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In vivo(31)P-MR spectroscopy in normal pregnancy, early and late preeclampsia: A study of placental metabolism
Uppsala University, Disciplinary Domain of Medicine and Pharmacy, Faculty of Medicine, Department of Women's and Children's Health. (Obstetrisk forskning/Högberg)
Uppsala University, Disciplinary Domain of Medicine and Pharmacy, Faculty of Medicine, Department of Women's and Children's Health. (Obstetrisk forskning/Högberg)
Uppsala University, Disciplinary Domain of Medicine and Pharmacy, Faculty of Medicine, Department of Women's and Children's Health. (Klinisk och experimentell reproduktionsbiologi/Olovsson)
Uppsala University, Disciplinary Domain of Medicine and Pharmacy, Faculty of Medicine, Department of Women's and Children's Health. (Obstetrisk forskning/Högberg)
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2014 (English)In: Placenta, ISSN 0143-4004, E-ISSN 1532-3102, Vol. 35, no 5, 318-323 p.Article in journal (Refereed) Published
Abstract [en]

INTRODUCTION: Preeclampsia affects about 3% of pregnancies and the placenta is believed to play a major role in its pathophysiology. Lately, the role of the placenta has been hypothesised to be more pronounced in preeclampsia of early (<34 weeks) rather than late (≥34 weeks) onset. (31)P Magnetic Resonance Spectroscopy (MRS) enables non-invasive, in vivo studies of placental metabolism. Our aim was to study placental energy and membrane metabolism in women with normal pregnancies and those with early and late onset preeclampsia.

METHODS: The study population included fourteen women with preeclampsia (five with early onset and nine with late onset preeclampsia) and sixteen women with normal pregnancy (seven with early and nine with late pregnancy). All women underwent a (31)P-MRS examination of the placenta.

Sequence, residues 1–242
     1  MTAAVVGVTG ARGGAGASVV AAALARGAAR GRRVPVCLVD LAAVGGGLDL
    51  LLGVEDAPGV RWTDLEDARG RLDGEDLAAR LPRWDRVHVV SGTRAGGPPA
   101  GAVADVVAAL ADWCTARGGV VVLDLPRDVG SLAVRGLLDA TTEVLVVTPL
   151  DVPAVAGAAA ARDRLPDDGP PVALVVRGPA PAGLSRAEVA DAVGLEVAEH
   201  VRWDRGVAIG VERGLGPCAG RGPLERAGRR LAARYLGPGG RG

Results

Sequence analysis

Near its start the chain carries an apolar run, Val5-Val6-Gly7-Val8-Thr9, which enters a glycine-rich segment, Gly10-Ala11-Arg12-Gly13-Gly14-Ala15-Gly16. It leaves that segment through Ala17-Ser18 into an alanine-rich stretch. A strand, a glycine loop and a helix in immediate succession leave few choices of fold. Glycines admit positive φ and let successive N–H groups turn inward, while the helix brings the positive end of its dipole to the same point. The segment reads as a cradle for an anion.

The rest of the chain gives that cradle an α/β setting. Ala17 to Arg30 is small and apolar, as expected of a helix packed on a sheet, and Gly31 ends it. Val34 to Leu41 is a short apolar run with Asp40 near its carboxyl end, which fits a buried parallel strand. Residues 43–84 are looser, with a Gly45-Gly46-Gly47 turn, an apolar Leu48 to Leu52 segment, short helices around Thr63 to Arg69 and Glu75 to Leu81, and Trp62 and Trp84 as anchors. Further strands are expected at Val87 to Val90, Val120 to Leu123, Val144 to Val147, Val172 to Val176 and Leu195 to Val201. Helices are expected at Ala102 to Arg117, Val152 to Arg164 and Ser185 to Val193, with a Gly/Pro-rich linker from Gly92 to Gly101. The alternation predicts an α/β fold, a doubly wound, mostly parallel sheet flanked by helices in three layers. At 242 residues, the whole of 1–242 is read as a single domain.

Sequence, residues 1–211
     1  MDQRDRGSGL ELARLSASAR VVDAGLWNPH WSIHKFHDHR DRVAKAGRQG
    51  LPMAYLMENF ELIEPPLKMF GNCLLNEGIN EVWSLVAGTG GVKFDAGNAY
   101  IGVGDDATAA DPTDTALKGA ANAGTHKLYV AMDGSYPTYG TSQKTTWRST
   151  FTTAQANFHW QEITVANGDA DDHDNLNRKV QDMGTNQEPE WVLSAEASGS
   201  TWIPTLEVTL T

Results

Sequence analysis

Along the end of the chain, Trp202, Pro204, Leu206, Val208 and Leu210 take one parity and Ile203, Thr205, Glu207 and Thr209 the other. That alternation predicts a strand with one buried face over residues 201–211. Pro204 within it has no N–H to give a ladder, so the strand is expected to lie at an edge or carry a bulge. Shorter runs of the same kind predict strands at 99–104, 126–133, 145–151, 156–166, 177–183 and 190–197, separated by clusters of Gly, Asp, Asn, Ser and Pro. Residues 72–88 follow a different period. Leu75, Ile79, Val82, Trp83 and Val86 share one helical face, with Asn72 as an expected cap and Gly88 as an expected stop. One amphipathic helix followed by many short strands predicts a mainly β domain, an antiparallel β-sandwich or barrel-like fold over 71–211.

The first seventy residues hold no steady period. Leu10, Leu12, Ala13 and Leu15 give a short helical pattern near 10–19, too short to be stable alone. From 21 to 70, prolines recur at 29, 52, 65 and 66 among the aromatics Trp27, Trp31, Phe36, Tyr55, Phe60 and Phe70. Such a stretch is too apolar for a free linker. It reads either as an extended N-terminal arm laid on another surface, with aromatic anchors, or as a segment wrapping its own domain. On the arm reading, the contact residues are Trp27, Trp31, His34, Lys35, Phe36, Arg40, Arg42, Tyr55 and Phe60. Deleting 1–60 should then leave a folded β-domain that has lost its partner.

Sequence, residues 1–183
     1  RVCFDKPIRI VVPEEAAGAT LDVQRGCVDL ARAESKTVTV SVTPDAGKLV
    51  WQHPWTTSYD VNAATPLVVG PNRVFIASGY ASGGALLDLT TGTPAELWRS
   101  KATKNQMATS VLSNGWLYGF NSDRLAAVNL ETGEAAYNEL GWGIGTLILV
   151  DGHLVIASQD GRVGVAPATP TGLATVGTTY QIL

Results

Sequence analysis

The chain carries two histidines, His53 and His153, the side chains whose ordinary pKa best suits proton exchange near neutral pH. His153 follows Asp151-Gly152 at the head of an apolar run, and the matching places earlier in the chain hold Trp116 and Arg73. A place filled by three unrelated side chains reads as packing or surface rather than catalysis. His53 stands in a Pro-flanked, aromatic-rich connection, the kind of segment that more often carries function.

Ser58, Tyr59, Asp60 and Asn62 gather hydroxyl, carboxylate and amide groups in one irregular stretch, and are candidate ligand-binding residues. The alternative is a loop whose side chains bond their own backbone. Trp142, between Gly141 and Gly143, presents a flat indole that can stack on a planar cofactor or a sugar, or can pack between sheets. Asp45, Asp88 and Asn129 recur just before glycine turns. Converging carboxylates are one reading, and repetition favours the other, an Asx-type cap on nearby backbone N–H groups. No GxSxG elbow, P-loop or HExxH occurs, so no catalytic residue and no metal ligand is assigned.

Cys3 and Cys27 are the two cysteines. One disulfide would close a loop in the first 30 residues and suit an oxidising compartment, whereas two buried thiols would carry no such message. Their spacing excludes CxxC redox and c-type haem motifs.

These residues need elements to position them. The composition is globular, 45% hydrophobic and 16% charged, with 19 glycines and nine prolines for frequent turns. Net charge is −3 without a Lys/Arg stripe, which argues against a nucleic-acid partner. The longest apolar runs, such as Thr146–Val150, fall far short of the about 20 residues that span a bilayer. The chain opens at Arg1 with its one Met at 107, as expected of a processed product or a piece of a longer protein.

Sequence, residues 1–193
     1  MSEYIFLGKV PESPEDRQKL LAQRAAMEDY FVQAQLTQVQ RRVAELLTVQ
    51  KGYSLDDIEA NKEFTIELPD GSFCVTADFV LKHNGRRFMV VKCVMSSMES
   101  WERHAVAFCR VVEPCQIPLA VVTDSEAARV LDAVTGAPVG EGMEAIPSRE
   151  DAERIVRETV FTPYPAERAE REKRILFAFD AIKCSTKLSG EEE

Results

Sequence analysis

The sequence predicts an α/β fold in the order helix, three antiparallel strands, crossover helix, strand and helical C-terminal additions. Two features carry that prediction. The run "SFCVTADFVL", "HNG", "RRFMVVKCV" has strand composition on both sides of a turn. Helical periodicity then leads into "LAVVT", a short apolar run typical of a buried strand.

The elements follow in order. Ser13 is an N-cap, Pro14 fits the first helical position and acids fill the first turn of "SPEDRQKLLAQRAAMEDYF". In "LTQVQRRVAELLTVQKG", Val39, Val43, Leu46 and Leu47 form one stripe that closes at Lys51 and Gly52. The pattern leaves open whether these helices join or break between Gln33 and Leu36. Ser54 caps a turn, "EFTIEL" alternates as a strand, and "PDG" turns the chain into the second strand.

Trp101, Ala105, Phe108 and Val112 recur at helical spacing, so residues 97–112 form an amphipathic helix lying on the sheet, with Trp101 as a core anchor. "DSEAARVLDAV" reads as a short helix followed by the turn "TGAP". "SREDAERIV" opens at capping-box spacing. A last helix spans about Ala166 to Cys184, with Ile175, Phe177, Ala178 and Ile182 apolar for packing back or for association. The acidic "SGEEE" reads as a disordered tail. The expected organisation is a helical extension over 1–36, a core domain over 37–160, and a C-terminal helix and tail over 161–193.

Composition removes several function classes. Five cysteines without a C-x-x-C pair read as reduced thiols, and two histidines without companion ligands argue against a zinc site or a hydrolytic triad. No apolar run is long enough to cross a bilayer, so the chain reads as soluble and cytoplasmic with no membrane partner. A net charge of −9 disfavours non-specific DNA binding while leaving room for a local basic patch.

RESULTS: The phosphodiester (PDE) spectral intensity fraction of the total (31)P signal and the phosphodiester/phosphomonoester (PDE/PME) spectral intensity ratio was higher in early onset preeclampsia than in early normal pregnancy (p = 0.03 and p = 0.02). In normal pregnancy the PDE spectral intensity fraction and the PDE/PME spectral intensity ratio increased with increasing gestational age (p = 0.006 and p = 0.001).

DISCUSSION: Since PDE and PME are related to cell membrane degradation and formation, respectively, our findings indicate increased cell degradation and maybe also decreased cell proliferation in early onset preeclampsia compared to early normal pregnancy, and with increasing gestational age in normal pregnancy.

CONCLUSIONS: Our findings could be explained by increased apoptosis due to ischaemia in early onset preeclampsia and also increased apoptosis with increasing gestational age in normal pregnancy.

Place, publisher, year, edition, pages
2014. Vol. 35, no 5, 318-323 p.
National Category
Obstetrics, Gynecology and Reproductive Medicine
Identifiers
URN: urn:nbn:se:uu:diva-221881DOI: 10.1016/j.placenta.2014.02.005ISI: 000335614500006PubMedID: 24612844OAI: oai:DiVA.org:uu-221881DiVA: diva2:710314
Available from: 2014-04-07 Created: 2014-04-07 Last updated: 2017-12-05Bibliographically approved
In thesis
1. Placental Function: An Epidemiological and Magnetic Resonance Study
Open this publication in new window or tab >>Placental Function: An Epidemiological and Magnetic Resonance Study
2015 (English)Doctoral thesis, comprehensive summary (Other academic)
Abstract [en]